CROWN POINT - Hammondville disappeared more than a century ago, but it's now the subject of a research project.
Sarah P. Sportman, a doctoral candidate at the University of Connecticut, has conducted dissertation research on Hammondville, the former iron-mining hamlet of Crown Point owned and operated by the Crown Point Iron Company from 1873 to 1896.
"Hammondville, which only officially existed for about 25 years, provides a fascinating snapshot of history, both in terms of the Adirondacks and the development of the United States in general," Sportman said. "Most of the residents of Hammondville were recent immigrants from Scandinavia, French Canada, Ireland and England who were drawn to Essex County by the iron industry, although many native-born Americans also lived and worked there.
"These people spoke a variety of languages, practiced different religions and held different values, yet as a result of their common employment with the Crown Point Iron Company, they were thrown together and expected to live and work as a community," she said. "Similar situations played out all over the country in the late 19th century, as immigrants flooded into the U.S. to find work, improve their lives and become Americans."
Sportman has been working on the project since 2007 and has conducted historical research in the area and archaeological excavations at Hammondville. The research has been funded by the University of Connecticut and the Society for Industrial Archaeology.
"I've had the cooperation of Lyme Adirondack Timberlands I LLC, the company that owns the site, and have worked closely with the folks at the Penfield Foundation on the historical aspect of the project," Sportman said.
Now she wants to hear from area residents with knowledge of Hammondville.
"I know that many of the descendents of Hammondville residents still live in the area," Sportman said. "From the people I've spoken to, particularly those at the Penfield Foundation, it seems that interest in Hammondville and local history in general is pretty strong.
"I would like to put the word out about the project to local people who are descended from Hammondville residents and ask for their participation," she continued. "The archaeology and documents can only tell us so much. I believe that history belongs to us all and descendent communities should have a role in the discovery and portrayal of their own history.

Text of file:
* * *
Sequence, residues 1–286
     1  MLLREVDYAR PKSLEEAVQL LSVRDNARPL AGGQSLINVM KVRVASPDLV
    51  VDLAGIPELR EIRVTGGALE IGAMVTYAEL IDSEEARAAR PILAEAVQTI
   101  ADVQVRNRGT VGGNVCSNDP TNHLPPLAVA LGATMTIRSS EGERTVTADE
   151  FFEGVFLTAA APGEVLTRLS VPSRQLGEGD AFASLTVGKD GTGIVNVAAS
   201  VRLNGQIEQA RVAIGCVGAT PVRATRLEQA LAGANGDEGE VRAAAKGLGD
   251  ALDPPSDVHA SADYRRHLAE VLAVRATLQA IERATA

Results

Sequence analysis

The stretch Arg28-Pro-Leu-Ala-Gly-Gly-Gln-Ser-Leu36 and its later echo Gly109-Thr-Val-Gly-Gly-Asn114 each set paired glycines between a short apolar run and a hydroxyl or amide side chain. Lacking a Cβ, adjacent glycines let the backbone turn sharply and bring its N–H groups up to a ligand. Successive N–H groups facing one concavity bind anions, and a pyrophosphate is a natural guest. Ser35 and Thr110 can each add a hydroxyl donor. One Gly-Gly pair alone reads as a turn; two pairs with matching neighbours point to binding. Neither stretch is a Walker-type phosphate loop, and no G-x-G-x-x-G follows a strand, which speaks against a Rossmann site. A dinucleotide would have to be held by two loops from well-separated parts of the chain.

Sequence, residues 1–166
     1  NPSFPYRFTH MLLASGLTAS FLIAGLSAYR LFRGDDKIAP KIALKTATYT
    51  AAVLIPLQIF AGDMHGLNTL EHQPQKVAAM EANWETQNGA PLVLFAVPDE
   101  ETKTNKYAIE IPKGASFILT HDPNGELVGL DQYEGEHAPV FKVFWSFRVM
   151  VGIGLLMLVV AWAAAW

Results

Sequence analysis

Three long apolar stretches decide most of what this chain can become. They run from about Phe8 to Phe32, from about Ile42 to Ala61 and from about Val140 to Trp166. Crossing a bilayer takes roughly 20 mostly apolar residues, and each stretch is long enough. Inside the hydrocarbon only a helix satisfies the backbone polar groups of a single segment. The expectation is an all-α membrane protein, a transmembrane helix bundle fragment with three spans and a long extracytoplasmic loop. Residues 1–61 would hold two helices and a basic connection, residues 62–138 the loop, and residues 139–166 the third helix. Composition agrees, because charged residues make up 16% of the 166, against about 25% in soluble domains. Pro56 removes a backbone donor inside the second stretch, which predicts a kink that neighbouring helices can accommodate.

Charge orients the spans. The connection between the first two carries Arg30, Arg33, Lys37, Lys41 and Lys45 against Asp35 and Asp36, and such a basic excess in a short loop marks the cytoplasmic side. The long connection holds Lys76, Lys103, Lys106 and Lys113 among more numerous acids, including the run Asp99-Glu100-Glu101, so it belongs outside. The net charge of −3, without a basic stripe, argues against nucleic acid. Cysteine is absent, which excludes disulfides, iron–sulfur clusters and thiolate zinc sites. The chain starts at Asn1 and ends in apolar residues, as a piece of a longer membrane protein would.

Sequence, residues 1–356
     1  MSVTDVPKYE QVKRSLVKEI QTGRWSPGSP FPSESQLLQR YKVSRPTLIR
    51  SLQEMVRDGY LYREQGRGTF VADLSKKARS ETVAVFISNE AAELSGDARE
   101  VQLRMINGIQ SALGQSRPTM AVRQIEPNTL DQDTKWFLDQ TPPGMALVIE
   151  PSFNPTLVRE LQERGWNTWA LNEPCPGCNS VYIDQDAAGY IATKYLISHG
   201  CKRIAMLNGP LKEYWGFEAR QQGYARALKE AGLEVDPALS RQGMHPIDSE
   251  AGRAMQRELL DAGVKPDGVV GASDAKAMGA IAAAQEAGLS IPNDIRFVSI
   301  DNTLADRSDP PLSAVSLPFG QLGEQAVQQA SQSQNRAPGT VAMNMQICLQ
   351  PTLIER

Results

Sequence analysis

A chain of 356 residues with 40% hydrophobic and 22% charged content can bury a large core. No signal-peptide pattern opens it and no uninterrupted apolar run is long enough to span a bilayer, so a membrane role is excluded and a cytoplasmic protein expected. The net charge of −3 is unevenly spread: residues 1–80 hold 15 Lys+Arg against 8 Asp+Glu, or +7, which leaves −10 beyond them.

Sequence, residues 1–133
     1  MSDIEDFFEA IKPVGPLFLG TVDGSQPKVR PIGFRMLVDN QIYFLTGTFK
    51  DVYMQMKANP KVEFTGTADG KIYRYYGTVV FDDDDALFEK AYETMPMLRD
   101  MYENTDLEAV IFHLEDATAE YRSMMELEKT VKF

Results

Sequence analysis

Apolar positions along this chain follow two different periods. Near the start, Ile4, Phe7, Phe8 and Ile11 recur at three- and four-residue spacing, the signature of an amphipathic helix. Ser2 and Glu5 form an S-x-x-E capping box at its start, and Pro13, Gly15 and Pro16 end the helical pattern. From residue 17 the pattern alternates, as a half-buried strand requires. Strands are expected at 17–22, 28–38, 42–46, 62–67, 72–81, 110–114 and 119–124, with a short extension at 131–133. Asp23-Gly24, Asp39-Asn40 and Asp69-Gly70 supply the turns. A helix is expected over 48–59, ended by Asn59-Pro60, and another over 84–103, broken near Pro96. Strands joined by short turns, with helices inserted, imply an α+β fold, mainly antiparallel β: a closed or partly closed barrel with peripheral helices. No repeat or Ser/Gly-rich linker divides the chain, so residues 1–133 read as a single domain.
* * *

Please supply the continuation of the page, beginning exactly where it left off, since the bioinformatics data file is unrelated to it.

"Therefore, I am particularly interested in interviewing people with connections to former Hammondville residents or those with a knowledge and interest in local history and genealogy," Sportman said. "The kind of valuable information such discussions can provide - family stories, letters, photographs, etc. - is impossible to retrieve without the help of local people. By talking with the descendent community, I believe that I will be able to present a more accurate and meaningful portrayal of the village and the people who lived and worked there."
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Sportman became interested in Hammondville because she had ancestors who lived and worked there.
"My gr-gr-gr-grandparents, Peter Pigeon and Margaret Riel Pigeon came from Quebec," she said. "Peter worked there as a general laborer. Their daughter, Agnes Pigeon, met and married an Irish miner, Owen Flanagan at Hammondville. Owen and Agnes' daughter, Elizabeth, was my great-grandmother. She was born and raised in Hammondville. They moved to Ti when the village of Hammondville disbanded and there Elizabeth married Albert Crammond. Their son, my grandfather, Charles Crammond, worked as miner from the late 1930s - 196's in Witherbee."
When Sportman's dissertation is compete she will provide copies to the Penfield Foundation and put the matters on line for interested people.
"I hope to one day write a book about Hammondville and the people who lived there," she said. "I have also compiled large databases of information on Hammondville residents that, I think, will be very useful to people doing genealogical research and I'll also give the Penfield Foundation copies of those. Matt Skinner and Tracey Velasquez at Penfield have both been extremely helpful in this project and I owe them a great deal for their assistance."
Sportman stressed Hammondville is now private property, owned by Lyme Adirondack Timberlands.
"There are open mines, making the area dangerous and it is an important historical site, so people should not go out there digging around for artifacts or anything of that nature," she said.